. 12. APPROACH TO EYE ABNORMALITIES AND SEIZURES/ALTERED MENTAL STATUS IN RESOURCE-LIMITED
Suggested case examples for incorporation into the lecture: OPHTH: Describe the evaluation and management of a 13 y/o male who presents with complaints of ocular itching. Review an approach to situations when a patient may deny testing (i. Review typical laboratory resources that you would find in: (1) a rural outpatient clinic in Belize. cell count of cerebrospinal fluid. and blurred vision. AAP 13. Describe the presentation and management of corneal abrasion. Understand the challenges faced by children living with disabilities in resource-poor settings. thick/thin smears. and how/if that affects your decision of whether to pursue the testing in resource-limited settings. on Phenobarbital. rapid HIV testing. and onchocerciasis. and describe management of each in a resource-limited setting. 2. 3. List several infections associated with congenital cataracts. Identify conditions that contribute to morbidity and impaired cognitive development in the developing world such as intestinal parasites. as well as subcutaneous nodules in Sierra Leone. Recognize the signs and symptoms of glaucoma and retinoblastoma.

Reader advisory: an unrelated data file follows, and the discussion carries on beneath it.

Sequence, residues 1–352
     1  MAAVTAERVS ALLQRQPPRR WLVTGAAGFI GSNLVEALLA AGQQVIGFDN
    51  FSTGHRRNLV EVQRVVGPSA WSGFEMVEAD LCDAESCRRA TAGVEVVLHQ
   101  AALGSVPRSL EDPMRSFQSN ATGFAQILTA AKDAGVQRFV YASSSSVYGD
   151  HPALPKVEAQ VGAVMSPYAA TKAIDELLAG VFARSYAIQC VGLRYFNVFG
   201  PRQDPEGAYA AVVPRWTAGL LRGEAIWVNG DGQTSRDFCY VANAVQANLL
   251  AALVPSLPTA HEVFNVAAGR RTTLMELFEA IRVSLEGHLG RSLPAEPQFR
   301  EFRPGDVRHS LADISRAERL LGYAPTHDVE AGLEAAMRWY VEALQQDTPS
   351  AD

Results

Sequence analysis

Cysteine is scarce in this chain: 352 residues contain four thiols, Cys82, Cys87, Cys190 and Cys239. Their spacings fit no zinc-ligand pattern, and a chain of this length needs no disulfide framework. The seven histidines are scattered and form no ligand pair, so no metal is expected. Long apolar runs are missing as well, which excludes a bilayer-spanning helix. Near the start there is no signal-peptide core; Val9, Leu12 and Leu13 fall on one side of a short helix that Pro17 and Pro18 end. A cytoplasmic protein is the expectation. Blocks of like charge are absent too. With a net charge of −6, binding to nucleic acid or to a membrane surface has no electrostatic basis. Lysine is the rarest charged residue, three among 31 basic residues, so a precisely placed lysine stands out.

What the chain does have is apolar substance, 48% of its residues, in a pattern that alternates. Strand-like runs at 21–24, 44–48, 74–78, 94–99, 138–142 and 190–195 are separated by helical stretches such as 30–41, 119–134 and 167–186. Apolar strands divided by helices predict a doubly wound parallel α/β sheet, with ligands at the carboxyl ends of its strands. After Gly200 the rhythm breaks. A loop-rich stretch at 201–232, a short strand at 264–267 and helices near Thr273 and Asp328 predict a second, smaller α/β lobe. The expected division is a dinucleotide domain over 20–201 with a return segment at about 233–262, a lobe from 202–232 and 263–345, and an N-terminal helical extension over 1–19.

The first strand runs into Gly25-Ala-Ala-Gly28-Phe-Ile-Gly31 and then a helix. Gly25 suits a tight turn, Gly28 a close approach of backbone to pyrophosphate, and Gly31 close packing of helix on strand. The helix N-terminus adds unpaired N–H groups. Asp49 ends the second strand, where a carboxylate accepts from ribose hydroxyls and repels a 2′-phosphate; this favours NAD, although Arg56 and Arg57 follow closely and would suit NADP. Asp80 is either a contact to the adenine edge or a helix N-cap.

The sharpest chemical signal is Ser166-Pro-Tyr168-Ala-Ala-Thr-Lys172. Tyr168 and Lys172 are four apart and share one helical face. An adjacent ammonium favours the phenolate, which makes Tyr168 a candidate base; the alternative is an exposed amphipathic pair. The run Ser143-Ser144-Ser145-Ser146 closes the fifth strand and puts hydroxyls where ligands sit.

exclusive breastfeeding. Define under-five mortality rate (U5MR). 7. skilled delivery at birth. AND HEALTH ACCESS INEQUITIES WORLDWIDE Suggested case example for incorporation into the lecture: Review the pros and cons of a church-based mission group that provides medical care on an annual basis to a rural village in Guatemala that otherwise has no medical services. including hospitals. GAVI. and the roles of different health care workers as they apply to patients in developing countries. AAPDescribe the epidemiology. skilled delivery at birth) specifically aimed at reducing neonatal morbidity and mortality. 3. such as vertical or targeted programs vs integrated.15. etc. AAPRecognize the major underlying socioeconomic and political determinants of infant/child health. how they are impacted by health care systems. funding and development of newborn. AAPDescribe international goals and strategies for improving child and maternal health (such as the Millennium Development Goals). Global Fund. PUBLIC HEALTH SYSTEMS. and contrast to that in developed countries. and Helping Babies Breathe) 16. community health worker.). child and maternal health programs worldwide. Review fee systems for several of these models and discuss the impact of costs on patient access to care. Discuss the relationship between maternal and neonatal/child health from preconception to the postpartum period.g. and how these have impacted policy. nurse. and strategies to address this problem.e. facility-based vs. Describe the WHO Integrated Management of Childhood Illness (IMCI) program as an example. such as the physician. Discuss current efforts to improve neonatal health and survival (i. and major causes of infant and child mortality and morbidity in developing countries. trends. AAPIdentify the major governmental and non-governmental organizations active in international child health. traditional birth attendant. vitamin A supplementation. and neonatal mortality rate (NMR).g. UNICEF. clean birthing kits. 2. AAPDescribe the epidemiology of neonatal mortality. 3. 6. and how these impact inequities in child survival and health care access between and within countries.. infant mortality rate (IMR). including prevention and treatment. and give examples of initiatives and programs that impact child health (WHO. community. 4. the factors that contribute to this. AAPDescribe known effective interventions.). MATERNAL AND CHILD HEALTH Suggested case example for incorporation into the lecture: Develop an obstetric and neonatal plan for a G3P2 mother who is found to be 20 weeks pregnant in a remote area of the Dominican Republic of the Congo. 4. EPIDEMIOLOGY. and contrast them with those in industrialized countries. 1.